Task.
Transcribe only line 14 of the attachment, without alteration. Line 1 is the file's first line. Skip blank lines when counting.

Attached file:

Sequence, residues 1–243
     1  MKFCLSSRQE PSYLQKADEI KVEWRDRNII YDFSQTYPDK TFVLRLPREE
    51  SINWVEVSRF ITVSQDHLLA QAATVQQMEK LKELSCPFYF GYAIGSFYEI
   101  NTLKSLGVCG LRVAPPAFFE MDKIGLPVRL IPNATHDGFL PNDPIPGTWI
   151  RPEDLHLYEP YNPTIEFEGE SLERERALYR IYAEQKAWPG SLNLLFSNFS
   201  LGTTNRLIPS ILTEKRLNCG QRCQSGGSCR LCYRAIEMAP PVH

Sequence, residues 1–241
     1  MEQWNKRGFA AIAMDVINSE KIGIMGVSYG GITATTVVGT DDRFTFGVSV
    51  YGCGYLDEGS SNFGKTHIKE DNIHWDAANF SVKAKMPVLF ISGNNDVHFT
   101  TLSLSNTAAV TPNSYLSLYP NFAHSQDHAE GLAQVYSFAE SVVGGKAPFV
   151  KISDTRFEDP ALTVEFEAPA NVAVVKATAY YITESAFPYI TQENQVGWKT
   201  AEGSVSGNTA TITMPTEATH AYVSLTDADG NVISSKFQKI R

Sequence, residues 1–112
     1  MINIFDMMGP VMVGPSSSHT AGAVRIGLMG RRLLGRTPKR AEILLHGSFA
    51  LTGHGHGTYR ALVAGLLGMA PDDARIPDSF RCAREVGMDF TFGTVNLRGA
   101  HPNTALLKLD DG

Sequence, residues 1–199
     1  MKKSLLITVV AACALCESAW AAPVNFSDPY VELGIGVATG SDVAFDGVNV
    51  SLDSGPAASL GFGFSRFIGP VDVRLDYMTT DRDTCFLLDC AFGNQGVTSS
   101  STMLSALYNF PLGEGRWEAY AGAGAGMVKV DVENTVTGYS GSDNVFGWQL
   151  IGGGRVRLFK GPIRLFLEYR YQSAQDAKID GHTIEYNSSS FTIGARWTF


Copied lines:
     1  MINIFDMMGP VMVGPSSSHT AGAVRIGLMG RRLLGRTPKR AEILLHGSFA